There’s a company I came across the other day called Value Added Travel. And despite the horrible name, it seems to be doing good business — which got me thinking. If I were starting a travel business I’d be tempted to name it something along the lines of Guaranteed To Make You Feel Better About Life — a mouthful, I grant you, and a little twee, but doesn’t it describe the reason we go places?
Even the great Patrick Leigh Fermor’s epic walk from the Hook of Holland to the Golden Horn was underpinned by an innate sense of optimism. In a word, hope. Which is why I have no wish to revisit Vegas and little desire ever to drink beer on the strip in Magaluf.
But give me a regular dose of Luang Prabang and I promise to help old ladies across the street for ever more. It’s that kind of town: sufficiently far away to pack up your troubles without ever feeling unduly remote. Easy on the eye, and easy on the equilibrium too. Designated a Unesco World Heritage Site in 1995, it’s ranked right up there with other great treasures such as Angkor Wat and the Great Wall of China. That might be stretching things a little, but Luang Prabang does have 33 temples (at one time there were 62) and 111 historic Lao-French buildings, thanks to the French presence that lasted from 1893 to 1954. Unesco deems it the best-preserved traditional town in South-east Asia.
But that’s not the half of it. If there were a Unesco equivalent that monitored gentleness and humility, then the people here would be held up as shining examples to the rest of the warring planet. Once described as ‘a holy grail for shoestring backpackers seeking higher truth’, Luang Prabang now does chic with a Buddhist twist and it’s impossible to leave without a spring in your step.
We were there in autumn, the perfect time to visit Laos in general and Luang Prabang in particular. It’s extraordinarily accessible. The town is framed by the mighty Mekong on one side and the sleepy Khan River on the other. There are really only three main roads: in between, there are little lanes, where restaurants, cookery schools (lots of them), guest houses, bars, paper factories, rice-cake -makers and artisans of all kinds -beaver away, while monks in their golden robes carry parasols as they file past.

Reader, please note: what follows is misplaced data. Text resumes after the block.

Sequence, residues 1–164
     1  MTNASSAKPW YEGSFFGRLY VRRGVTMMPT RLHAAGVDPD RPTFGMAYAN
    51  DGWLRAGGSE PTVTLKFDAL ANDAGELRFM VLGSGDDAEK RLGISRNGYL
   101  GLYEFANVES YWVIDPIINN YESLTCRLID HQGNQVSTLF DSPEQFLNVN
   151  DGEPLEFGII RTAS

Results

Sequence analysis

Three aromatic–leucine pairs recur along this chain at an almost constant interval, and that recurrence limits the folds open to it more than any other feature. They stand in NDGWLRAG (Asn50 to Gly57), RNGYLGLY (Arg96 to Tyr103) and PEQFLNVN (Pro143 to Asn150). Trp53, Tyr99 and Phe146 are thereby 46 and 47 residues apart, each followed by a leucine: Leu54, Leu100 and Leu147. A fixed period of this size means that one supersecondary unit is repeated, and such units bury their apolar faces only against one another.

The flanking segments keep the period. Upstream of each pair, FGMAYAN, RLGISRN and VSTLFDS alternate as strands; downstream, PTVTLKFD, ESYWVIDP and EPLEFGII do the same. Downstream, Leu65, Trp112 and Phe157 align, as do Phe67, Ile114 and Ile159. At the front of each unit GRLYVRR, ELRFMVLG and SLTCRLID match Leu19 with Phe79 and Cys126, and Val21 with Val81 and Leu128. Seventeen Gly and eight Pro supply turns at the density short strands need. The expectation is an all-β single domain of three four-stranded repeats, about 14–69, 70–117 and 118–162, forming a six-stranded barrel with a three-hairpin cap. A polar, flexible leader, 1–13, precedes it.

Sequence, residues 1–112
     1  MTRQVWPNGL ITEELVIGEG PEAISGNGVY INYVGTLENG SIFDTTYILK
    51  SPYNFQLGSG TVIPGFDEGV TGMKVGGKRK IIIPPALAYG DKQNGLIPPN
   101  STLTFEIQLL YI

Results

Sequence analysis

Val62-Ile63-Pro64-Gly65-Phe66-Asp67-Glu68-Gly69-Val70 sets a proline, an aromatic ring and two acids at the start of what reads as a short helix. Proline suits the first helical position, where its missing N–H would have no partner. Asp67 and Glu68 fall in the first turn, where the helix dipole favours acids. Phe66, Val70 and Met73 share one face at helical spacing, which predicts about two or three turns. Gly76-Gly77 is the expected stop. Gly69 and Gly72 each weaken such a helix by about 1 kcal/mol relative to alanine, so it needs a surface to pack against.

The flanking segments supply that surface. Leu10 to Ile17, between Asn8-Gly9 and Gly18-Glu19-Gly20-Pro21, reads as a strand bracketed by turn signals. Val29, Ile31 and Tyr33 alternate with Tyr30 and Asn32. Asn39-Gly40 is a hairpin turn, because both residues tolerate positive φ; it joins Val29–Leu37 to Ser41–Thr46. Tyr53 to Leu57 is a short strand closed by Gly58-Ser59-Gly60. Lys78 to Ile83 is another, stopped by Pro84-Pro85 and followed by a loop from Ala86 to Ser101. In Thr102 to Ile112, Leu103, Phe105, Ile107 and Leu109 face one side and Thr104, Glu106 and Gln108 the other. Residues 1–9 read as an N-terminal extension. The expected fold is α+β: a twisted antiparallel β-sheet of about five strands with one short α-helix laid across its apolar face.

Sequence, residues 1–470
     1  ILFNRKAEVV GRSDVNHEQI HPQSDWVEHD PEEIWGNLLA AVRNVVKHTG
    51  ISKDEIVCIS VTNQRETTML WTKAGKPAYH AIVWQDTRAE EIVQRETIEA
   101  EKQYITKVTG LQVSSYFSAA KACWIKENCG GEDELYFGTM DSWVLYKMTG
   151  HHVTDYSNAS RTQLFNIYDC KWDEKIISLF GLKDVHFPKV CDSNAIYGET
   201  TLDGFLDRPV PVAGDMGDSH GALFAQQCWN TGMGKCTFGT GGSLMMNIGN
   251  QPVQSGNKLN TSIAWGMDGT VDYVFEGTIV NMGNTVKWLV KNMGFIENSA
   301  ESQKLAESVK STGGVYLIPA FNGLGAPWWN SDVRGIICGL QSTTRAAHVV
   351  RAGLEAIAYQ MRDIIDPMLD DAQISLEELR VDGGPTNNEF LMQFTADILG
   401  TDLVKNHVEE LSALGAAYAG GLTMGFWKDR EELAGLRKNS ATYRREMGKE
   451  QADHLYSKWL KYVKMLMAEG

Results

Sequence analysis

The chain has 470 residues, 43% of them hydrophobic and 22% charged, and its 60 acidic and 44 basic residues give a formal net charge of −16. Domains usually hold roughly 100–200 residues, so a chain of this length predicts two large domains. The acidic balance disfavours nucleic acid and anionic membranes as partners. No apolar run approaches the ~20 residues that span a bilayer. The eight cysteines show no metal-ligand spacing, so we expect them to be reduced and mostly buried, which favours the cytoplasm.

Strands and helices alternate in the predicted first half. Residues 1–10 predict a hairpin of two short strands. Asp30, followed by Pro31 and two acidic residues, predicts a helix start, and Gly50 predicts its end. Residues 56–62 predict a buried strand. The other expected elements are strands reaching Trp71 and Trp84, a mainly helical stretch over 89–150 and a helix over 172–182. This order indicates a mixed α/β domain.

The Vegas and Magaluf crowd wouldn’t like the curfew at midnight because it means the bars close at 11.30p.m. But for some of us, that’s bliss. And even at the colourful night market that takes over most of the main street at dusk, there is no hard sell, no pleading.
There’s an Aman hotel, where we stayed. It occupies what used to be the town’s hospital and is perfectly placed for all that Luang Prabang offers, whether you’re on foot or on one of the hotel’s bicycles.
Luang Prabang is big on excursions. Choose wisely. We loved our dragon boat ride up the Mekong as far as the Pak Ou caves.
On the return leg, as the sun was setting over the lush hills and villagers came down to the waterfront with bars of soap to wash themselves and their clothes, we stopped at a village where women were still toiling at their looms, selling beautiful scarves for £2. We were embarrassed to ask for ten of them, but would have felt mean if we had opted for any fewer.
We skipped the elephant rides in favour of a trip to Tat Kuang Si, a pretty spot 40 minutes from town. Here, you find one waterfall after another tumbling over white limestone into multi-levelled turquoise pools, where you can swim and swing from ropes and generally get in touch with your inner Tarzan.
There’s also a remarkable Asiatic black bear sanctuary on the way to the falls, run by a British couple. All the bears have been rescued from bad guys who kept them in tiny cages and drained their gall bladders of bile to make traditional Chinese medicine.
Speaking of which, we felt longevity coursing through us in Luang Prabang. The food helped. Lao cooking is a blend of Chinese and Thai, with emphasis on local herbs. Most days, we ate lunch at a stall by the side of the road for £1 — spicy noodles with chicken and mushroom.
L’Elephant, near the Mekong, is arguably the smartest place for dinner, with a mainly French menu. At one point, sitting near the door watching the passing parade, we felt we could have been in swanky St Barts in the French Caribbean.
But you are not. You’re in a country that has suffered terribly, but which has survived. You’re in a town where people smile and where there’s a natural sense of community. It’s value added travel, I suppose. And guaranteed to make you feel better about life.